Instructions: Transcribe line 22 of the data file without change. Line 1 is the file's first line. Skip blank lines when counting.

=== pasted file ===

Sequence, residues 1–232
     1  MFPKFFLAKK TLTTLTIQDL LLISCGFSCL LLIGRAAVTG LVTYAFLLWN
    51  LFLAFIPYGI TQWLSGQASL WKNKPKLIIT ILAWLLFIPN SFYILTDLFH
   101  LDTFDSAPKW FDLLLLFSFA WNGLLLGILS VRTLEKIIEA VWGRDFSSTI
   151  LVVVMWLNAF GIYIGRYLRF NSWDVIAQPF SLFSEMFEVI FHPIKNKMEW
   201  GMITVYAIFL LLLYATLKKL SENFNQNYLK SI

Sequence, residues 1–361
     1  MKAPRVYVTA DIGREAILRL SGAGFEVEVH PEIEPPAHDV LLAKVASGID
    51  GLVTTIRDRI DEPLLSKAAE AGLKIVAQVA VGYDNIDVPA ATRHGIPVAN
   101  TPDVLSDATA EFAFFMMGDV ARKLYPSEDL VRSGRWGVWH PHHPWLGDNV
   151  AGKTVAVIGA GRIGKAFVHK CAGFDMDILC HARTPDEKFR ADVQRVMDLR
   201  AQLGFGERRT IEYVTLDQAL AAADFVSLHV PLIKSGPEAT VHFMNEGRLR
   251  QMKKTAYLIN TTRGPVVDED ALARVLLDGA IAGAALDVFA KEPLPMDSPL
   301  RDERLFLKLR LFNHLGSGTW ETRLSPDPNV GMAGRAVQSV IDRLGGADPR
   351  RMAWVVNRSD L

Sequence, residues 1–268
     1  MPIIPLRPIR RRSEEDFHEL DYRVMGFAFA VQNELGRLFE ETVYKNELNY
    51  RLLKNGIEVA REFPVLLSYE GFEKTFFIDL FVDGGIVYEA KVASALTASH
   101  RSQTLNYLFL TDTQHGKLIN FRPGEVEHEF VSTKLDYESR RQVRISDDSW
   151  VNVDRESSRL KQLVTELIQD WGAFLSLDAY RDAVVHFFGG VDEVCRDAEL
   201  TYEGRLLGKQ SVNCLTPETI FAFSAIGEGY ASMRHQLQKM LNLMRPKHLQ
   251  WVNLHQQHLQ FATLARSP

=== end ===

   251  WVNLHQQHLQ FATLARSP